Leading U.S. intelligence and cybersecurity bodies have unveiled a series of guidelines aimed at tackling safety issues associated with 5G standalone network slicing, thereby strengthening these networks against prospective dangers.
“5G’s threat ecosystem is ever-changing, hence requiring sophisticated auditing, monitoring, and other analytic capabilities to sustain specific levels of network slicing service level prerequisites over time,” stated the U.S. Cybersecurity and Infrastructure Security Agency (CISA) and the National Security Agency (NSA).
5G refers to the fifth-generation technology protocol for broadband cellular networks, offering enhanced data transfer speeds and lower latency. Network slicing is a structural model that empowers mobile service providers to split their network into multiple autonomous “slices,” thereby facilitating the creation of virtual networks catering to diverse clients and applications.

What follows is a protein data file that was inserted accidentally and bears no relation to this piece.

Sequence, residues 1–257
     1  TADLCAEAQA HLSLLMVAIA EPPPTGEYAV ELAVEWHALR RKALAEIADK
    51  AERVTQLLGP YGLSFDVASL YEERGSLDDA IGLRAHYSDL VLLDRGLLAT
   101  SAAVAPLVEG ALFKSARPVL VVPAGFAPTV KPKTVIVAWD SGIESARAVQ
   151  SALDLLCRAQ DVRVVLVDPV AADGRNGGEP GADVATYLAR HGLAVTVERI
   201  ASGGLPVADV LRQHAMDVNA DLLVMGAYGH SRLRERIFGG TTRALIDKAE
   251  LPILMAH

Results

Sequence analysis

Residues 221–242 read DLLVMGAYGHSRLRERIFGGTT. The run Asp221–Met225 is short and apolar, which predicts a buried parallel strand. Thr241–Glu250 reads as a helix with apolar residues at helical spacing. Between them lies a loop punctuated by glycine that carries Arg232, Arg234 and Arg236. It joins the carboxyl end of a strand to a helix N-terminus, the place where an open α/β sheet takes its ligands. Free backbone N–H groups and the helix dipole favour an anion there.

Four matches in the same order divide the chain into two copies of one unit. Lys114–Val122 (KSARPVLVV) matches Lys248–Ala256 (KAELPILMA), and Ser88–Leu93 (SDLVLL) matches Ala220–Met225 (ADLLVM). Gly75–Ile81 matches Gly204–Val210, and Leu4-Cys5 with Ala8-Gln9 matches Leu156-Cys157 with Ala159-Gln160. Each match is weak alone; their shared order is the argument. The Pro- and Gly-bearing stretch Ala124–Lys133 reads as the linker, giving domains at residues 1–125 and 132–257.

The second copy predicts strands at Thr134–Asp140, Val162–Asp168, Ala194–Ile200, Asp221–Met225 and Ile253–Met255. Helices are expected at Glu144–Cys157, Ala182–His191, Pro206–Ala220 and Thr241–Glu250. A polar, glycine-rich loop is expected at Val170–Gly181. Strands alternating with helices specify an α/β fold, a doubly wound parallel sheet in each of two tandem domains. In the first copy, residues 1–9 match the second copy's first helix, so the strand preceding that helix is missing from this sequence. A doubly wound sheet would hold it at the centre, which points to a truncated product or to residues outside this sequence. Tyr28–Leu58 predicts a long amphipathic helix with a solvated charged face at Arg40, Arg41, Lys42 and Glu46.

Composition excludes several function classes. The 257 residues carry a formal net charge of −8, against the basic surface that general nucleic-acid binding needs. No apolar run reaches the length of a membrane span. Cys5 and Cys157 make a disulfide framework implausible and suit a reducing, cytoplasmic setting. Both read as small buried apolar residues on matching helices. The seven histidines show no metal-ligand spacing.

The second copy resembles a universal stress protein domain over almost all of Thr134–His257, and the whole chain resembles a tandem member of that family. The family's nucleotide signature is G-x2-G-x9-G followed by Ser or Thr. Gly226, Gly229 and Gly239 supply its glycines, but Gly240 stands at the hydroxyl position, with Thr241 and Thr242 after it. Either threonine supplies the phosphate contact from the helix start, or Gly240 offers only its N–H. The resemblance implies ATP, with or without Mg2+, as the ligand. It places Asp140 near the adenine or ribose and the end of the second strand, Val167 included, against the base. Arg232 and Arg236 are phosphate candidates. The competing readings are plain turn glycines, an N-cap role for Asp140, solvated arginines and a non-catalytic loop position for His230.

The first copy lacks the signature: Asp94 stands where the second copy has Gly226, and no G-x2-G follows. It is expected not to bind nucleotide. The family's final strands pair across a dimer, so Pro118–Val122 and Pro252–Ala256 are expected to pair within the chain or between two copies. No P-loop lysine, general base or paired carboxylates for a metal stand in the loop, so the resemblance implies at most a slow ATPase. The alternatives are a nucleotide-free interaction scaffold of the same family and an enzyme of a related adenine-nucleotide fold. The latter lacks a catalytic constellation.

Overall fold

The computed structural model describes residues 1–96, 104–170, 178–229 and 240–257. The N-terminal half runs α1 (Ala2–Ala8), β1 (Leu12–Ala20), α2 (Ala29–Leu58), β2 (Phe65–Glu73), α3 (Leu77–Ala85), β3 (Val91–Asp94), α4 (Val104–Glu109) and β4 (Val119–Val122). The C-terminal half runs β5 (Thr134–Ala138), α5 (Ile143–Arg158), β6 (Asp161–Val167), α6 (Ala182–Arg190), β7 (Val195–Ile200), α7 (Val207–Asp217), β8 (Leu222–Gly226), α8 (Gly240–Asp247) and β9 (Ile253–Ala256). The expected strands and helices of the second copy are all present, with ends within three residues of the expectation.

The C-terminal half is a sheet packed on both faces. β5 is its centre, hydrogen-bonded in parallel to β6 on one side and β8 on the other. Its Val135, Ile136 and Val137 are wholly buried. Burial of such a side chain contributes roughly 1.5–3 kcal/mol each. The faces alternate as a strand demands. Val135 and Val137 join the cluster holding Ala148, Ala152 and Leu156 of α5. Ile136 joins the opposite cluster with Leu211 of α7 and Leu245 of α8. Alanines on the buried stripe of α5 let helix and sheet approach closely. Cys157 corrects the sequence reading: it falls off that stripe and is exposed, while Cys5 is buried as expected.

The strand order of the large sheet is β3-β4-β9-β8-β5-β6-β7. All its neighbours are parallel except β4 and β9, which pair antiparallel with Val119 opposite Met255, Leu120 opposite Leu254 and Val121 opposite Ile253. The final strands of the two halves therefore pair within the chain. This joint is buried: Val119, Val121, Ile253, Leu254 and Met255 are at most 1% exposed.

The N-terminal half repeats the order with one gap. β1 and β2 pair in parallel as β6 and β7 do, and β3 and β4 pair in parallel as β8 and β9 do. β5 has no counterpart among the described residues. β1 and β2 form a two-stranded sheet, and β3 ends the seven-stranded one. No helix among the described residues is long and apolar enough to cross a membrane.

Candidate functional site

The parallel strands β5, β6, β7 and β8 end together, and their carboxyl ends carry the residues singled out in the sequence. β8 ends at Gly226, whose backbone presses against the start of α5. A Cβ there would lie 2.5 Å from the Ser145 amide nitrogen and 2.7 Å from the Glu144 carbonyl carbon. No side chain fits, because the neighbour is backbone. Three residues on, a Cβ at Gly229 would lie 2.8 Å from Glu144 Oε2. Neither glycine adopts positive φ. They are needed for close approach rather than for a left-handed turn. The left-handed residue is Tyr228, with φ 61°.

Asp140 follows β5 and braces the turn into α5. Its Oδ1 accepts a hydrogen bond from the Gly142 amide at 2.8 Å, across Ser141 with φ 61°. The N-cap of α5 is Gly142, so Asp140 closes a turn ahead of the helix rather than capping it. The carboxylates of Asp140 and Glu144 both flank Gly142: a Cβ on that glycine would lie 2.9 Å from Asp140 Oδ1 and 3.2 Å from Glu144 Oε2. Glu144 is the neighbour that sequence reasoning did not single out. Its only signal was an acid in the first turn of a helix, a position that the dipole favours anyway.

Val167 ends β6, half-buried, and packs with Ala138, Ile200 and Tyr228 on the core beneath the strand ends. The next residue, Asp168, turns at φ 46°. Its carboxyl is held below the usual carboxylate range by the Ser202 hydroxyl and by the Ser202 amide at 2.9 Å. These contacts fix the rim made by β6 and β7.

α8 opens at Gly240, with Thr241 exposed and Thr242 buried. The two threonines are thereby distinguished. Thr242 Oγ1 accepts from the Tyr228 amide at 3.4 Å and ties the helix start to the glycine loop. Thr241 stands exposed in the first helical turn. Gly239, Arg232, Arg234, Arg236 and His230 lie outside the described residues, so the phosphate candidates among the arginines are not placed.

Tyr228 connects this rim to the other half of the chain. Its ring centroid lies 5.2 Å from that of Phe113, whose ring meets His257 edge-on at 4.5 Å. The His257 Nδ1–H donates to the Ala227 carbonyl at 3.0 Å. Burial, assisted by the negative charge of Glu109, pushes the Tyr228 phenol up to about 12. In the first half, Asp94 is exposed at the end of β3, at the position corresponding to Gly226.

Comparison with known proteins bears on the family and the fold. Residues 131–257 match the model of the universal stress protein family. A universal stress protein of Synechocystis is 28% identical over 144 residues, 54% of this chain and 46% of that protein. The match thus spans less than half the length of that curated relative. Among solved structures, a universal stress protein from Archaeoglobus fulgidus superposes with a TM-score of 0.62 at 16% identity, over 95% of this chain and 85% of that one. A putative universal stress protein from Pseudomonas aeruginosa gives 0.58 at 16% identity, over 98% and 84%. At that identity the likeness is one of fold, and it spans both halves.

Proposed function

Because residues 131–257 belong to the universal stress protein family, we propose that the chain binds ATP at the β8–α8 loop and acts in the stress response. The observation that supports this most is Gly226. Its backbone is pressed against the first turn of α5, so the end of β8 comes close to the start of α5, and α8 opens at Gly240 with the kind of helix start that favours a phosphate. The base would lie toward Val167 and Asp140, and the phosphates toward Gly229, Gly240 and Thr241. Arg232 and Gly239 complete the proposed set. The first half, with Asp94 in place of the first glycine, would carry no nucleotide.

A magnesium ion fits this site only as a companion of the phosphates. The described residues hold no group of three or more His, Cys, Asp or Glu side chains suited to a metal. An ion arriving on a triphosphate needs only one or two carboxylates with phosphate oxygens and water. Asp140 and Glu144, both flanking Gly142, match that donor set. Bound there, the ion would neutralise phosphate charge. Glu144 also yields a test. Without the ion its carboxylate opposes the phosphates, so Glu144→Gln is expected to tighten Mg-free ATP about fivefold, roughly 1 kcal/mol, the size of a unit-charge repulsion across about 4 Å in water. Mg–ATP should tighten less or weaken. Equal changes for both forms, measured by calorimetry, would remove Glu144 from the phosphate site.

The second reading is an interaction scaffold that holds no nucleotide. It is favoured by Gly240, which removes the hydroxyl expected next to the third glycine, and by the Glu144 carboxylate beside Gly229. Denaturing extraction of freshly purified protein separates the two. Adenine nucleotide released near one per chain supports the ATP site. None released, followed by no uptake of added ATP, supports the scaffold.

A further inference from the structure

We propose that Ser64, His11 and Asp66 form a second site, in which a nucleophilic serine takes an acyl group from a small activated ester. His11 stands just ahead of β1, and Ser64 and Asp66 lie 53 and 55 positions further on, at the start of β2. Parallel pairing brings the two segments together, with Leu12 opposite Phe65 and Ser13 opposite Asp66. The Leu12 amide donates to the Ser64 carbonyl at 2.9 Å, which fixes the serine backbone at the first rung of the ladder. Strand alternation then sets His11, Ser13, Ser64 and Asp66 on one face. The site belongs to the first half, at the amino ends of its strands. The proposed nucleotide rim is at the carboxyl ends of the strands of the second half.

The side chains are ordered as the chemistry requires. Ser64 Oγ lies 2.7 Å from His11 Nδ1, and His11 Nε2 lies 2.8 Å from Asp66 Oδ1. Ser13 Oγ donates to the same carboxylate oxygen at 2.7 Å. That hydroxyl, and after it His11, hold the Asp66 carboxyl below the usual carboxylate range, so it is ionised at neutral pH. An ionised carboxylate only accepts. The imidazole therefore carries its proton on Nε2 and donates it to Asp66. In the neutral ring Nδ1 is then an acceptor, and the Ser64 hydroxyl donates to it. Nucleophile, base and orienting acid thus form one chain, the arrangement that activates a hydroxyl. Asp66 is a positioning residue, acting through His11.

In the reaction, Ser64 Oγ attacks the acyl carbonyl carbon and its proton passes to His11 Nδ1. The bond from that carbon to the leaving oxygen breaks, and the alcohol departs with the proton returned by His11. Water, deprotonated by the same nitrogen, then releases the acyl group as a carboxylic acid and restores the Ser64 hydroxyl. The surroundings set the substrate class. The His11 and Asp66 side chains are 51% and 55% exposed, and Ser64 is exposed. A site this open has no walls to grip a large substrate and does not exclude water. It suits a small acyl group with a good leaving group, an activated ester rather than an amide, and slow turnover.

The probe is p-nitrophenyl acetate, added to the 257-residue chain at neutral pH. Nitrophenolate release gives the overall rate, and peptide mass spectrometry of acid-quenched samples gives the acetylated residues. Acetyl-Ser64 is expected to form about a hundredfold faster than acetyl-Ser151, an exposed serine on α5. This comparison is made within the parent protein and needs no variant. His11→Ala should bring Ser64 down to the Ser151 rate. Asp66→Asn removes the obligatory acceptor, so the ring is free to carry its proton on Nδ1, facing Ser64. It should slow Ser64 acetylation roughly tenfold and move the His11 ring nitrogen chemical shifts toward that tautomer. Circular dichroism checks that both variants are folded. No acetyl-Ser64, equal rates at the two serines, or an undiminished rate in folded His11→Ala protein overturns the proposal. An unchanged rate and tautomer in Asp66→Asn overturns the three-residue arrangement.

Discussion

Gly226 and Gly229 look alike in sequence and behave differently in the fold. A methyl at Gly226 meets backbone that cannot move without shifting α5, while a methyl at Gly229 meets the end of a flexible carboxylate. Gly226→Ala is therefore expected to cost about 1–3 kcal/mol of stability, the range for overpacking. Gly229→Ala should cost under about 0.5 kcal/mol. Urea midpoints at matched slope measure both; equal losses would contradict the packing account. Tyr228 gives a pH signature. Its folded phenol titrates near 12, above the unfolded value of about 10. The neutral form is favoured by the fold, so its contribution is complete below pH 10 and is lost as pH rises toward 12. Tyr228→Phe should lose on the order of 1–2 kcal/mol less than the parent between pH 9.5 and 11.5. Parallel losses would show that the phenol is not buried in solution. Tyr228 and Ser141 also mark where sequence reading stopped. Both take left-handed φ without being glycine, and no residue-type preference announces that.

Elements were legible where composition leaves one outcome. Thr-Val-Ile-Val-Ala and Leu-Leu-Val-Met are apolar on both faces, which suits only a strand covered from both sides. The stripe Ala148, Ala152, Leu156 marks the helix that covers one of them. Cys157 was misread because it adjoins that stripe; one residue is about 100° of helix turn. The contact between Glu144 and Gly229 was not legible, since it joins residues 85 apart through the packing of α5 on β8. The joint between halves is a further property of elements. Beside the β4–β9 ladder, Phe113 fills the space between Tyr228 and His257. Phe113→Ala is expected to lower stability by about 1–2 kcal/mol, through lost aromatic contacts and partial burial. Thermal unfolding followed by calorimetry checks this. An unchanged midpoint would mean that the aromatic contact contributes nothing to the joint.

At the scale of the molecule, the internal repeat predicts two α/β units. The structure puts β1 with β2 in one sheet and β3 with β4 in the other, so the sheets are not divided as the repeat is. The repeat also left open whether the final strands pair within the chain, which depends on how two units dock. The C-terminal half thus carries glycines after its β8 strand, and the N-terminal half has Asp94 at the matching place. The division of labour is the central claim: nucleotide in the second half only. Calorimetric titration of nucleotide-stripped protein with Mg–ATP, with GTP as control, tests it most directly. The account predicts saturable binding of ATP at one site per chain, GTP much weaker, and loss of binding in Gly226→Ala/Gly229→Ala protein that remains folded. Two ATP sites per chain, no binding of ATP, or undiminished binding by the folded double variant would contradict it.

The recent advisory builds on guidelines previously announced by the agencies in December 2022, sounding an alarm that network slicing could expose users to an array of threat vectors such as denial-of-service, jamming, identity theft, and enemy-in-the-middle attacks. This could essentially impede the confidentiality, integrity, and availability of network services.
Details regarding the problems with 5G network slicing were outlined in a report released by Enea AdaptiveMobile Security in March 2021. The report emphasized the potential for brute-force attacks to maliciously gain access to a slice and initiate denial-of-service attacks against other network functionalities.
5G Network Slicing In May 2021, the U.S. government issued a warning that inadequate implementation of telecommunication standards, supply chain threats, and structural weaknesses could pose significant cybersecurity hazards to 5G networks. This could potentially enable threat actors to exploit these vulnerabilities to collect valuable intelligence from victims.”